Perdue Farms to buy Chipotle pork supplier Niman Ranch

A scene from “The Scarecrow,” Chipotle’s 2013 video short. (YouTube)

Chicago | Reuters — Poultry company Perdue Farms will buy natural meat maker Niman Ranch, which is Chipotle Mexican Grill’s biggest pork supplier and a brand name on U.S. restaurant menus, the two companies said on Tuesday.

Privately held Perdue expects to “soon” close a deal to buy Natural Food Holdings, which owns the Niman Ranch brand, from private equity firm LNK Partners, according to a statement. Terms were not disclosed.

The deal marks the latest move by a big food company seeking to expand its presence in the fast-growing U.S. natural foods market. It risks displeasing some consumers, who are attracted to Niman Ranch’s reputation for working with independent farmers and raising animals without antibiotics.

Niman Ranch plans to continue producing animals in the same way after the deal closes, said Jeff Tripician, chief marketing officer. There is more opportunity for Niman Ranch to grow with Perdue than with LNK, he added.

The deal “will allow us to produce more pork of our quality,” Tripician said. “Whether that goes to Chipotle or Whole Foods or Sprouts or Vitamin Cottage or the great restaurants, that’s kind of an internal issue of what’s the right way to grow.”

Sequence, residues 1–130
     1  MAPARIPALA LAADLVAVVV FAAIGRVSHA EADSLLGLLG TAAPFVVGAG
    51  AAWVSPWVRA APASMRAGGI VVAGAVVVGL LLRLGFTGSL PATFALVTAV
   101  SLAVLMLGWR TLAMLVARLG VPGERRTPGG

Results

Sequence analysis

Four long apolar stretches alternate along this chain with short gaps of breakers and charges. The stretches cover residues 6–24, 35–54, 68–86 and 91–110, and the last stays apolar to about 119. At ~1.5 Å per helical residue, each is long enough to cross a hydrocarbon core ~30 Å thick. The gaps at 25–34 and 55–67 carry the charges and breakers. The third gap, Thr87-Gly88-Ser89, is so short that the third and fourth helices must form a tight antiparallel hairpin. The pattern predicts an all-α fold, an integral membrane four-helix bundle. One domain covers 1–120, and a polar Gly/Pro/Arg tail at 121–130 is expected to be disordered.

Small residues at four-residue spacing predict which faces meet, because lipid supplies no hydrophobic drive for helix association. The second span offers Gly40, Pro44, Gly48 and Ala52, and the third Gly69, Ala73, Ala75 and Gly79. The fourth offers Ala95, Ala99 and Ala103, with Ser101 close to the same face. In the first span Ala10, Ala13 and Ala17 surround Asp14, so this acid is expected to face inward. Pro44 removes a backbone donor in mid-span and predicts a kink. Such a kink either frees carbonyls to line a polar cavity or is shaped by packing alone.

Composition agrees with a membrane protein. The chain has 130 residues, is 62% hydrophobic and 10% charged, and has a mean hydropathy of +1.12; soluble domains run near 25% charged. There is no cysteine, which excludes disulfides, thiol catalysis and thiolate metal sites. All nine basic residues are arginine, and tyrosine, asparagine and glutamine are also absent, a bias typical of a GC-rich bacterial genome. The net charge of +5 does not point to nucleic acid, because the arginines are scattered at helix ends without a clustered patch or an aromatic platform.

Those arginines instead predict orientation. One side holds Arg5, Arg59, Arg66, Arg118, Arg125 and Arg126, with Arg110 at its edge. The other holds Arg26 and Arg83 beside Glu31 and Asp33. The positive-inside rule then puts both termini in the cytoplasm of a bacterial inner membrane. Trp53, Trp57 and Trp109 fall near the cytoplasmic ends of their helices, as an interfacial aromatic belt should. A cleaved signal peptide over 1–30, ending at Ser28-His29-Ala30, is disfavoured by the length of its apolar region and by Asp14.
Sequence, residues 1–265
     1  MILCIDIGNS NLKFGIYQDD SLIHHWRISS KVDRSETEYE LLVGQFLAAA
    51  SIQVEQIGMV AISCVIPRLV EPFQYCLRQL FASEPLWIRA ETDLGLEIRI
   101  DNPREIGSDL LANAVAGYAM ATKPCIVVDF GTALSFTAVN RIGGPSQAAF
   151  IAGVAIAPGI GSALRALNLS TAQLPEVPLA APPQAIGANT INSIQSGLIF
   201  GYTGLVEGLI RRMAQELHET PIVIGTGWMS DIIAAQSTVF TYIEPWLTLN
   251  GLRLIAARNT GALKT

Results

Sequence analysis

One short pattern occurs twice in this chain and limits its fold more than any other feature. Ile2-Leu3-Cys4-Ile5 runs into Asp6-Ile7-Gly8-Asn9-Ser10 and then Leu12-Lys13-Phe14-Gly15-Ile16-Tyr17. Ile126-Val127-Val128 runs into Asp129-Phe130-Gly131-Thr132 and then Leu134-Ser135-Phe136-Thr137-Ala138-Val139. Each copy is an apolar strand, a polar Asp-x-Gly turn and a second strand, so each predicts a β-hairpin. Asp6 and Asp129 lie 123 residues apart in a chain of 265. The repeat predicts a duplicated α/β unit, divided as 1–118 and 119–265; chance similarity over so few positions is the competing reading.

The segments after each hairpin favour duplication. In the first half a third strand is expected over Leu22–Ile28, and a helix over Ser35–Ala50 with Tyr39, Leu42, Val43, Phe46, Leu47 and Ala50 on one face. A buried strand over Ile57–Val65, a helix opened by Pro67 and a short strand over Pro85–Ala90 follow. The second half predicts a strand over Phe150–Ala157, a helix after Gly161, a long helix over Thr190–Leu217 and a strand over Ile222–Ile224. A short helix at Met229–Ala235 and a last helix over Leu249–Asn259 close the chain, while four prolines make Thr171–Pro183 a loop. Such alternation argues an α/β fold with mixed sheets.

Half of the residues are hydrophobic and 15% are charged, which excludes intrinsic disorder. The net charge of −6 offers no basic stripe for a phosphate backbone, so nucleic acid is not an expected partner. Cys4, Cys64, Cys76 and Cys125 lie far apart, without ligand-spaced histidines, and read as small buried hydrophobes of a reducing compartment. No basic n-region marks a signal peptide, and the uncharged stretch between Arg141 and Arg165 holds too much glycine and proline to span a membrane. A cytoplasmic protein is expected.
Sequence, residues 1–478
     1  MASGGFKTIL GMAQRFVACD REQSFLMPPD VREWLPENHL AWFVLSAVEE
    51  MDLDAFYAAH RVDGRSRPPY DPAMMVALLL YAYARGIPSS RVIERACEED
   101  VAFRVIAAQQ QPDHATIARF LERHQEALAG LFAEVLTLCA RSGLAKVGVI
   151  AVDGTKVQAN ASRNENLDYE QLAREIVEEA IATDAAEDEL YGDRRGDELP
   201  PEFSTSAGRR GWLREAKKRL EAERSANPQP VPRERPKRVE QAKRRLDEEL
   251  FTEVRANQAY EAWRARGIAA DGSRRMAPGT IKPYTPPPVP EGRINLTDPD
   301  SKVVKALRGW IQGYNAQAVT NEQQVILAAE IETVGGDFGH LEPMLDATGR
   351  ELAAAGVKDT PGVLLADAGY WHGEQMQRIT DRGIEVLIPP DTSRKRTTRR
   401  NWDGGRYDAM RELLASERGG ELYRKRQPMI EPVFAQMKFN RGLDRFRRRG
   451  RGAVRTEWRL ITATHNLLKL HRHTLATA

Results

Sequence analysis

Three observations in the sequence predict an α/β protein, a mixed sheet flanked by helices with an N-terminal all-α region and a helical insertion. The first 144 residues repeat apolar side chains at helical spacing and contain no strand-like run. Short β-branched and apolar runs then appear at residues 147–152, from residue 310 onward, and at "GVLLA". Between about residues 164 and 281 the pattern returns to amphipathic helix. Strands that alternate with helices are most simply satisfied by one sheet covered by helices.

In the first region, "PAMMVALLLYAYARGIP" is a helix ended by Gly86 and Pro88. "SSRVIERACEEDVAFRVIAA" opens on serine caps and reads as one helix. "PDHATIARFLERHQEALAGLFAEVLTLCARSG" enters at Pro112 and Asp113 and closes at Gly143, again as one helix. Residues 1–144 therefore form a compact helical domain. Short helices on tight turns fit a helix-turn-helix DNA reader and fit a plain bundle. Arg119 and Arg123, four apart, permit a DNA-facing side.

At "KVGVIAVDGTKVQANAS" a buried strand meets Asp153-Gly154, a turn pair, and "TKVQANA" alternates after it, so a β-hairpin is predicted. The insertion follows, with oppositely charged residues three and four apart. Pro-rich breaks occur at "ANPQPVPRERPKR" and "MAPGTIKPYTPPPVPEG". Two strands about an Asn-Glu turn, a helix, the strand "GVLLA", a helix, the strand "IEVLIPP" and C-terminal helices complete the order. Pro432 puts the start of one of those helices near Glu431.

This year, Niman Ranch ramped up shipments of pork to Chipotle when another producer ran afoul of the burrito chain’s animal welfare rules.

A Chipotle spokesman did not immediately respond to requests for comment about the sale.

Perdue, a supplier to Chick-fil-A restaurants, already produces antibiotic-free chicken and acquired Coleman Natural Foods in 2011.

“We understand and respect what Niman Ranch represents,” Perdue chairman Jim Perdue said.

Still, Niman Ranch received negative feedback on its Facebook page less than an hour after posting about the deal.

“Boo. Perdue’s reputation for chicken raising is less than stellar,” wrote a Facebook user identified as Brenda Whiting.

Natural goods stores represent one of the fastest growing areas of food retailing.

Sales at natural and organic retailers rose 9 percent in the past year, compared with a 1.3 per cent gain at supermarket chains and other conventional retailers, according to data from Spins, a market research firm that tracks data from store scanners.

In May, spam-maker Hormel Foods said it would buy the natural and organic meat processor Applegate Farms for US$775 million.

Last year, General Mills, the maker of Cheerios cereal and Betty Crocker cake mixes, said it would acquire organic food producer Annie’s for about US$820 million.

Tom Polansek reports on agriculture and ag commodity markets for Reuters from Chicago.

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